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Tag Archive: Powaqqatsi


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Review by C.J. Bunce

Some call them guilty pleasures–those films that are more bad than good, but have some quality you can’t quite identify that cements them in your own memory.  You might not admit how much you like those films, but you do, and you’d also willingly admit the quality of the film is still bad, bad, bad.  As you watch writer/director Mark Hartley’s new film about two cousins that created one of the most well-known independent B-movie film studios, I will wager you will see at least four movies from the 1980s that you’ll admit only to yourself “hey, I loved that movie.”

Electric Boogaloo: The Wild, Untold Story of Cannon Films chronicles two Israeli cousins, Menahem Golan and Yoram Globus, successful filmmakers in their home country who took America by storm, taking over Cannon Group in 1980 and churning out more movies than any other studio, eventually releasing about a movie a week before it ran out of money.  The documentary highlights one of the studio’s defining, over-the-top and embarrassingly bad movies: Breakin’ 2: Electric Boogaloo.  Cannon helped the careers of names like Jean-Claude Van Damme and Dolph Lundgren and helped propel the second phase of the careers of actors like Chuck Norris, Charles Bronson, and Sylvester Stallone.  The list of surprising names showing up in their films included Star Trek: The Next Generation’s Marina Sirtis and Patrick Stewart, and Sharon Stone, but even once big names like Vincent Price, Christopher Lee, and Peter Cushing could be found in a Cannon movie.

electricboogaloo

Delta Force, Missing in Action and Missing in Action 2, Lady Chatterley’s Lover, Lifeforce, Hercules (with Lou Ferrigno), King Solomon’s Mines, Runaway Train, Invaders from Mars, American Ninja, Bloodsport, Cyborg, Death Warrant, Masters of the Universe, Powaqqatsi, and Superman IV, for good or bad, emerged from Golan and Globus’s years at Cannon.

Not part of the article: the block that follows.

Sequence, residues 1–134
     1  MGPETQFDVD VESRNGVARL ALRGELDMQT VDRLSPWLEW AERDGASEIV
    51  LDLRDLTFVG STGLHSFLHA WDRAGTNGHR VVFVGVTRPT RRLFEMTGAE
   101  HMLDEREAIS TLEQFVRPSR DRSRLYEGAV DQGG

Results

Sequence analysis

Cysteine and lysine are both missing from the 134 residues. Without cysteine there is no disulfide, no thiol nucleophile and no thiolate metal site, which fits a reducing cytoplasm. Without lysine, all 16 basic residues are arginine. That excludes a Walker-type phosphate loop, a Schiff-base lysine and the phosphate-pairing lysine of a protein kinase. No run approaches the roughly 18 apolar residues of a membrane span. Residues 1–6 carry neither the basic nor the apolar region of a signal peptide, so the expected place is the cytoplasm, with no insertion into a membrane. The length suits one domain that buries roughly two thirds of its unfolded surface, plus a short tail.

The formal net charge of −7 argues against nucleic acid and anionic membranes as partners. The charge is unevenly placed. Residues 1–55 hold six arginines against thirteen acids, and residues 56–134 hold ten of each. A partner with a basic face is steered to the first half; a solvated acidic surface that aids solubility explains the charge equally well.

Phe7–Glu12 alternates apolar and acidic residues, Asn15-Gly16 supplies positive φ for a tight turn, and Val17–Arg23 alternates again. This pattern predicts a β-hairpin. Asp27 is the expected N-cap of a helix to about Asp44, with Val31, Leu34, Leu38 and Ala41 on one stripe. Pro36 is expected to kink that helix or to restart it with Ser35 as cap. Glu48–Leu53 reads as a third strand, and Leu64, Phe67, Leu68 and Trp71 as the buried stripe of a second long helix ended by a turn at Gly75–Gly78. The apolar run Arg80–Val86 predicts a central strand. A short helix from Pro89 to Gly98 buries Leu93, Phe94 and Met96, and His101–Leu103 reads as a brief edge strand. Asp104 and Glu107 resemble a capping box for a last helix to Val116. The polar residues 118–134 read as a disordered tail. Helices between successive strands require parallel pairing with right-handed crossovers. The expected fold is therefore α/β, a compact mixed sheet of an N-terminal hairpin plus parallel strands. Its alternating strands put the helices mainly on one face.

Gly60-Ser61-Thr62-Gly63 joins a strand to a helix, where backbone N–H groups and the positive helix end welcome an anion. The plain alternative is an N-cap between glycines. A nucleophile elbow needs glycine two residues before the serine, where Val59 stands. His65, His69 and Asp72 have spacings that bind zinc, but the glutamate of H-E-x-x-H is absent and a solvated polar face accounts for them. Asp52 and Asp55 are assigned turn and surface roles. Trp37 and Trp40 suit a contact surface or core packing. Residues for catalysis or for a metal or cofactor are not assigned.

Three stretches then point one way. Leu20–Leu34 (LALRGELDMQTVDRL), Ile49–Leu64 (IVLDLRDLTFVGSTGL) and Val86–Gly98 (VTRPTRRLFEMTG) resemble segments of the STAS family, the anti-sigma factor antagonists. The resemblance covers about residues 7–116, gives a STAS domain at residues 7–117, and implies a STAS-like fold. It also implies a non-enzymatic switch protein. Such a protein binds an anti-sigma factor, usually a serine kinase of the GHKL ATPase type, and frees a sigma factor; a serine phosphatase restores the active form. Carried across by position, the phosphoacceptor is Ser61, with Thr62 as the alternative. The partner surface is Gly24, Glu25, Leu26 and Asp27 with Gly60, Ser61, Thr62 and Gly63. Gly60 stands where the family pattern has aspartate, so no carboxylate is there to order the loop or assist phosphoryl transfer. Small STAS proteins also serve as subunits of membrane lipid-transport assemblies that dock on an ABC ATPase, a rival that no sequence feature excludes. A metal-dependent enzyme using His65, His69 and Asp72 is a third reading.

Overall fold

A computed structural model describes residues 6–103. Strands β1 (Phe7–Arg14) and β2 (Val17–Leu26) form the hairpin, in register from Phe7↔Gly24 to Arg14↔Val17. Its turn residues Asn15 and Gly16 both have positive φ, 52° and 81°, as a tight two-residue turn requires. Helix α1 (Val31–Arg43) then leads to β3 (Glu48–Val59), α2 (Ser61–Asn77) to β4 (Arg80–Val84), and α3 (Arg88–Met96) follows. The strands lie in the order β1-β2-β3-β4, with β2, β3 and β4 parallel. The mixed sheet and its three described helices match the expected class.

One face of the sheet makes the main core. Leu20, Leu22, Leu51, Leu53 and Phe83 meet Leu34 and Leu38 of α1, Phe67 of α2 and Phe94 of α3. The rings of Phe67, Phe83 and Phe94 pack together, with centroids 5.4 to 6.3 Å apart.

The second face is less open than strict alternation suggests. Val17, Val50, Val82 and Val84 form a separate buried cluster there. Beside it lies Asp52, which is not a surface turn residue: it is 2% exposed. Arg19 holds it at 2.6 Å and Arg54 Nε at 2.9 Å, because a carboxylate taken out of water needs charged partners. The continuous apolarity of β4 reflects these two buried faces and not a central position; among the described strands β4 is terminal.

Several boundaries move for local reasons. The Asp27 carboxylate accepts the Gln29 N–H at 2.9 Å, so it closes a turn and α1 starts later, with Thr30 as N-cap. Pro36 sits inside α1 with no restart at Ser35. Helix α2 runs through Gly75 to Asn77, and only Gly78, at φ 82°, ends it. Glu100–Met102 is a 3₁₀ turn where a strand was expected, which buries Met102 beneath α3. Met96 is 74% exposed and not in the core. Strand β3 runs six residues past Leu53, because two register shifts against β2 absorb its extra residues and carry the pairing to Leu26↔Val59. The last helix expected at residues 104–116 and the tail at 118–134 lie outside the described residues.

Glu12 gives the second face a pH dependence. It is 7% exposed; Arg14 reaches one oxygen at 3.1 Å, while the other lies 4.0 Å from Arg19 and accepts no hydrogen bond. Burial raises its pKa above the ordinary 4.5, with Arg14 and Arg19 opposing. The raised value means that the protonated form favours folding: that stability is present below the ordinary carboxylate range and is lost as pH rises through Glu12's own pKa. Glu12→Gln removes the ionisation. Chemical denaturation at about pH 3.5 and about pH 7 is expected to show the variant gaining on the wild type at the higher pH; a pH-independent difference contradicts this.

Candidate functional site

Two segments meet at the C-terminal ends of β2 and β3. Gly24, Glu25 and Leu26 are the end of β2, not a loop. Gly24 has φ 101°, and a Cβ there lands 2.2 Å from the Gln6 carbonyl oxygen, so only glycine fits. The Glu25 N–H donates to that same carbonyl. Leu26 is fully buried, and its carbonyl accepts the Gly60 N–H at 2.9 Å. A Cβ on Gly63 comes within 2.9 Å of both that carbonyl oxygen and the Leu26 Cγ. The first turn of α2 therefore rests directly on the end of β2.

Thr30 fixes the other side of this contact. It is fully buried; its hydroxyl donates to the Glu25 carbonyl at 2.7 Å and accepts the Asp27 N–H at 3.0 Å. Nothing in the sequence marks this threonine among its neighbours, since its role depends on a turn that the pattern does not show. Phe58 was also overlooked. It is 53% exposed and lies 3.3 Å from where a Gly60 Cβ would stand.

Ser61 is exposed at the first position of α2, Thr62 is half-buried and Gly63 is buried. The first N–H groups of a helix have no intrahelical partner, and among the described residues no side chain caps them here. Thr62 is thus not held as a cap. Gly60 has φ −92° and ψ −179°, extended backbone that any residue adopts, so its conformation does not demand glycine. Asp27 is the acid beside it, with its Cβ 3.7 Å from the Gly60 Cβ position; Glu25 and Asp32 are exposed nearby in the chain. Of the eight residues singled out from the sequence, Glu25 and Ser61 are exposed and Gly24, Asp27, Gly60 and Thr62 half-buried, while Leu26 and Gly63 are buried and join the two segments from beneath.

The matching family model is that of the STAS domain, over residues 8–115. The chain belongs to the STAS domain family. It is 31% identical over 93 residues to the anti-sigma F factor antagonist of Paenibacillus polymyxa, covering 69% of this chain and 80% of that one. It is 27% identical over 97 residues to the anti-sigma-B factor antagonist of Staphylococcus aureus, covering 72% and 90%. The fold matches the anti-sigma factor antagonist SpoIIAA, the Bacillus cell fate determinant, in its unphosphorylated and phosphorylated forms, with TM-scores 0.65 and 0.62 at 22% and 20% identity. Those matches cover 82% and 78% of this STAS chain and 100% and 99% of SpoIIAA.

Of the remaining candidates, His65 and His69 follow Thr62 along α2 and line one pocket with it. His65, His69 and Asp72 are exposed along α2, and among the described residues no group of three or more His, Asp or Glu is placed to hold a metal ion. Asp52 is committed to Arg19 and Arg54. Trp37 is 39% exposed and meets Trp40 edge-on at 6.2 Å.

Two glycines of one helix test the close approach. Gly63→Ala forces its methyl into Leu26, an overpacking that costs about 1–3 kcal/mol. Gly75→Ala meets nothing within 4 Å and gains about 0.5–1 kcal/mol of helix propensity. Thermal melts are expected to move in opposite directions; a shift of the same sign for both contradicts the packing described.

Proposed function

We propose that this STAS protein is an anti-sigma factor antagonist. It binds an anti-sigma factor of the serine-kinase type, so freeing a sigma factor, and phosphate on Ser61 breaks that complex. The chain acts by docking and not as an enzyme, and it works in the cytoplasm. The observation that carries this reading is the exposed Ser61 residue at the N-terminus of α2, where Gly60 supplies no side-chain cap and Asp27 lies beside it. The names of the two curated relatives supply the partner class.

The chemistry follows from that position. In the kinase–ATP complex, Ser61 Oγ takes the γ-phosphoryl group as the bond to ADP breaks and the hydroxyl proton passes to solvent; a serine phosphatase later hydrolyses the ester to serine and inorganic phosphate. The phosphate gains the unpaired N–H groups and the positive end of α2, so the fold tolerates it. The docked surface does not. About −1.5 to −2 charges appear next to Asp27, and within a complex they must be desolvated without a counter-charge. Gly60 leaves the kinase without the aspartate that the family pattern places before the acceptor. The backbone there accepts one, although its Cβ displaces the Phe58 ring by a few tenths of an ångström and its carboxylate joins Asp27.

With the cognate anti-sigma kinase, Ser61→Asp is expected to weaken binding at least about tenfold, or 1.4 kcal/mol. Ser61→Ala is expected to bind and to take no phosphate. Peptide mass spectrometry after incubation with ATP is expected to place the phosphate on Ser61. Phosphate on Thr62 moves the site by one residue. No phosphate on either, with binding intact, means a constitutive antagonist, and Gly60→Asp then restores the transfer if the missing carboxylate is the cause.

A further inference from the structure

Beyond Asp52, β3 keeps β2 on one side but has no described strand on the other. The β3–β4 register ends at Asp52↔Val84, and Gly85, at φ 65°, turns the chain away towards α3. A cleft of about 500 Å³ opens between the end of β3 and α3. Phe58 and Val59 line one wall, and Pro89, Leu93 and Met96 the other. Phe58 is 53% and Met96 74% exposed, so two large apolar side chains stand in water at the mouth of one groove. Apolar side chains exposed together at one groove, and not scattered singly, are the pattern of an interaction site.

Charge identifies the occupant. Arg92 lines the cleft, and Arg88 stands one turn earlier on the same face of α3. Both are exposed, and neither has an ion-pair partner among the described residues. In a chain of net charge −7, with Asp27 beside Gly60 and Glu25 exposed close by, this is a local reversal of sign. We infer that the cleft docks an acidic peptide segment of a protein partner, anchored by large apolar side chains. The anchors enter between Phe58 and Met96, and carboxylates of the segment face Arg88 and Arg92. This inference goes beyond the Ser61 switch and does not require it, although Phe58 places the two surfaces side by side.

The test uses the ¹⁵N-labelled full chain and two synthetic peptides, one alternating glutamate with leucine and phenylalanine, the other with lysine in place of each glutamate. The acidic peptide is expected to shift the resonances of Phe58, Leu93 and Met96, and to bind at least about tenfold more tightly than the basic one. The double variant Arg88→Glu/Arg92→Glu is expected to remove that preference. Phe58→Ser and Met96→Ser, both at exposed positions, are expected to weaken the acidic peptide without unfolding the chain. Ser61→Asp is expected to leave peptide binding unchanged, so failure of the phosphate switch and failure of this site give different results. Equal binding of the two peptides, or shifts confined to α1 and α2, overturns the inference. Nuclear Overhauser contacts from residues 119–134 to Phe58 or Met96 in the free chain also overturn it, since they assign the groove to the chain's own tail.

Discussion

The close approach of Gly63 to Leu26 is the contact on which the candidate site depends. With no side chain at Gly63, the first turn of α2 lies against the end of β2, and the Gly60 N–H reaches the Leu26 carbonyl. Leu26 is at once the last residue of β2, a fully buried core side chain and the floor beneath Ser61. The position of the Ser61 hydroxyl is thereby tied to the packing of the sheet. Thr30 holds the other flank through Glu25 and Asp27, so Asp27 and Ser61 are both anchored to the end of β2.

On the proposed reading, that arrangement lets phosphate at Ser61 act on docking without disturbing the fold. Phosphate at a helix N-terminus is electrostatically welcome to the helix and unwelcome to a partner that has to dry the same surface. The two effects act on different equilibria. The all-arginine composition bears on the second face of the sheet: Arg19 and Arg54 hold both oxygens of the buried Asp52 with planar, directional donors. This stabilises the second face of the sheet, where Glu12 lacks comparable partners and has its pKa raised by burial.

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Iconic scenes 2001 A Space Odyssey

If you love 2001: A Space Odyssey or Stanley Kubrick, just walk away now.  More than any other science fiction movie it stops me in my tracks.  Every five years or so I re-watch it, thinking, like tomatoes, I may finally bite right in and say “tasty!”  The movie is absolutely a treat for the eyes in much the same way as Star Trek: The Motion Picture.  These are great looking movies.  But when it comes to storytelling?  Ask fans of the film, those with a critical eye, and no two will describe what the film is about in the same way.  Yet 2001: A Space Odyssey is often on lists of the best movies of all time, lists made by clever people who know good movies.

Only after reading the Cliff’s Notes version of 2001 (the film, not the book) do I understand what Kubrick was going for.  I’m still left scratching my head.  The dialogue is flat like the lines in the Star Wars prequels.  Kubrick admitted he wanted the viewer to have his/her own understanding of the film.  That’s “the point”.  Hey–if you’re a fan of ambiguity it’s the film for you.  If you tried making a movie like it today you’d end up with something like Punch-Drunk Love or the remake of Tinker, Tailor, Soldier, Spy.  Slow, boring, long, dull.  Most of the film is just banal.  But the star baby!  The black monolith!  So he takes a film and overlays it with well-known classical music and juxtaposes some cryptic symbolic imagery.  Just because someone hasn’t done it doesn’t mean it’s groundbreaking.  If I want cool images and great music sans linear story, I’ll take Powaqqatsi.

2001 huh black monolith

Maybe it’s because I like excitement in my science fiction, not this documentary-style filmmaking.  For that give me a NASA IMAX movie and educate me along the way.  Give me Star Wars or Star Trek II.  Has anyone ever referred to 2001 as exciting?  Great looking films minus a big story to back it up may be why I shy away from mainstream science fiction movies, the kind that get nominated for film awards like Gravity or Interstellar. 

So why is it on the American Film Institute list of best science fiction films at #1 and on the Library of Congress National Film Registry?

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